A number of years ago, I had the pleasure of meeting Muhammed Ali. It was after his glory days and his disease had begun to take its course but that did not diminish who he was nor did it diminish the awe I felt just being around him. Muhammed Ali was known throughout the world for his incredible talent as a boxer but he was also known for many notable statements. When asked about why he had such a brutal training regimen, he said: “I hated every minute of training, but I said: Don’t quit. Suffer now and live the rest of your life as a champion.” He certainly achieved his goal and its obvious he understands the value of training.

I spent more than 15 years as a Firefighter. We trained relentlessly, drilling the same skills over and over and over because during an emergency basic actions need to come automatically and with speed, all the while assuring that safety is the highest priority. Preparedness, as defined by the Department of Homeland Security, is ” a continuous cycle of planning, organizing, training, equipping, exercising, evaluating, and taking corrective action in an effort to ensure effective coordination during incident response.” This is a good model for us to follow when training our teams in the business world.

What should be included in a training program?

I recommend following the Preparedness Cycle. This cycle calls for continuous evaluation, organization and training as areas of improvement are identified.

This continuous evaluation of what is required and what progress is being made helps to make your organization ready for whatever might come your way. A good training program should have the following elements:

  • Repetition to help with short term memory. Doing things over and over will lock in the fundamentals and also keeps your team in learning mode.
  • Make connections with what is being learned and how to apply the knowledge or skill. There is nothing more frustrating than being taught something and having no idea how you will use or implement it. Making these connections early will make recalling it easier when it is actually needed at some future time and date.
  • Use what is taught in your training in the real world as soon as you possibly can. This has several benefits: the first is it will gain much wider acceptance by the team. When you can practically demonstrate how what is being taught can be applied, your team will appreciate the training and will actually use it. The second benefit is that immediate use helps to hard wire that skill or information into the brain and move it into long-term memory.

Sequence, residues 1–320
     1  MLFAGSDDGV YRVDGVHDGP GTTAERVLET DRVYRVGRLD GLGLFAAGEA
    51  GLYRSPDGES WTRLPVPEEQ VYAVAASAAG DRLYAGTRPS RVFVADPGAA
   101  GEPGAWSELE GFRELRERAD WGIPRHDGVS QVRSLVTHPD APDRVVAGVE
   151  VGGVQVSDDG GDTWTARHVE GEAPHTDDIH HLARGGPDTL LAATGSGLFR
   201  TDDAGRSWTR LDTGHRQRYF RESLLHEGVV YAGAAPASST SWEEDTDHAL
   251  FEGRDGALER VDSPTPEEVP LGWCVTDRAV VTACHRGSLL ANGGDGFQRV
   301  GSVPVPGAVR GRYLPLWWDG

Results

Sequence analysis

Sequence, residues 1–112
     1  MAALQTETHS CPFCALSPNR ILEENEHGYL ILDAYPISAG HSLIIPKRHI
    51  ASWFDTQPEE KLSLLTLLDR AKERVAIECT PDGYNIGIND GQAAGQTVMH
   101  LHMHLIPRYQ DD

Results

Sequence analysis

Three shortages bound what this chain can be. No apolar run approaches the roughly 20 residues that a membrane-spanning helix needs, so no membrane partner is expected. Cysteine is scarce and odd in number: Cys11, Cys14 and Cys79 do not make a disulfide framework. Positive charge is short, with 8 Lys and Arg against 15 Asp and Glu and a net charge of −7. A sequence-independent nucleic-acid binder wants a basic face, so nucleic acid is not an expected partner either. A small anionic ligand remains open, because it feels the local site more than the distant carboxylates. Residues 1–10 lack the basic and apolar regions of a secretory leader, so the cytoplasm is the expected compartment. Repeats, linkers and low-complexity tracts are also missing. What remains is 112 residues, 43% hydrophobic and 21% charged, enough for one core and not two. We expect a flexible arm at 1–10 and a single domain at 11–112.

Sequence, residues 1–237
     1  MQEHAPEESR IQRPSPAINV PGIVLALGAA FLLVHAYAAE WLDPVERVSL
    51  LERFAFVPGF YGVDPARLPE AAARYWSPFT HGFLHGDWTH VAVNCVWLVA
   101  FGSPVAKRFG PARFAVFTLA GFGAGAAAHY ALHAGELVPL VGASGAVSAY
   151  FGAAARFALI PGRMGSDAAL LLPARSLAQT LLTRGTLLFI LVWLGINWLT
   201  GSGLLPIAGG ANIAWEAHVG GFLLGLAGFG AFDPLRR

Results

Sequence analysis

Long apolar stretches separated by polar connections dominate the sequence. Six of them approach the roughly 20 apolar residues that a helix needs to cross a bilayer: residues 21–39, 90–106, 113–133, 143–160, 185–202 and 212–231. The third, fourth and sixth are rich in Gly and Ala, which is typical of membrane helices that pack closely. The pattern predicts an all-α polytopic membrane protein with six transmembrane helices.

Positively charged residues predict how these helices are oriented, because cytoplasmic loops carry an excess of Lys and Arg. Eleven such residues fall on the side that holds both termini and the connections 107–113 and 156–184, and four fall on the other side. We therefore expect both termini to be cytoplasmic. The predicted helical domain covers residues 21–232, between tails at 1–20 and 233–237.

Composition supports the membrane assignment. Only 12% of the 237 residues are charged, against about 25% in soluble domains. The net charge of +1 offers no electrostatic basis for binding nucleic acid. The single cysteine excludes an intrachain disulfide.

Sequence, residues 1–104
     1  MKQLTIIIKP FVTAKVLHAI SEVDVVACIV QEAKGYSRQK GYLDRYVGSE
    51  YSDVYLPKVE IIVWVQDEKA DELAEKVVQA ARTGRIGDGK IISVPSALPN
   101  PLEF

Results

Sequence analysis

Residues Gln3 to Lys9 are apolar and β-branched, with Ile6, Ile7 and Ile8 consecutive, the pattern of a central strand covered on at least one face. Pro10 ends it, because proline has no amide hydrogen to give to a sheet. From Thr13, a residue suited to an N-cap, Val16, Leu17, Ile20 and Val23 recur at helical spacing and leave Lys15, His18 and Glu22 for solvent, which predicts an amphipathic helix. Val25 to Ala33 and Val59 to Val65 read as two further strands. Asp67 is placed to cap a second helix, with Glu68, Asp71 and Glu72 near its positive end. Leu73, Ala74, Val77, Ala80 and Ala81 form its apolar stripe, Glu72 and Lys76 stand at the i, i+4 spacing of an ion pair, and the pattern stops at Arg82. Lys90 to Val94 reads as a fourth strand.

• Take time to debrief once you have finished your training, or at a logical point within the training, allowing the team to think about what they have learned. Let them discuss possible uses and methods that they might use it for. Taking time to ponder what they’ve learned will help them make important connections for future or immediate use.
  • Ask for feedback. Feedback is a gift: there is no such thing as bad feedback. Allowing your team to be perfectly frank in their evaluation without fear of reprisal will help you fashion a training regiment that is a meaningful and productive use of your time and of your team’s time.
  • Whenever possible, use scenario based training (SBT). Sometimes called role-play, this allows an individual or team to practice what they have learned in an environment where they can make mistakes, immediately learn from those mistakes and get corrective feedback that can help improve the knowledge or skill set immeasurably. I am fond of video recording these sessions. You would be amazed at what you can learn when you watch yourself practice a new or even existing skill.

Training is an important part of learning any new skill. But if your training doesn’t resemble the actual setting you’ll need to use your skills in, it’ll be harder to remember. Special Forces Lieutenant Colonel Mike Kenny says, “Train like you fight,” and research backs him up. Not only will you be better prepared, but you learn much better when the context you practice in matches the context you will eventually perform in.

How strong is this effect? Insanely strong.


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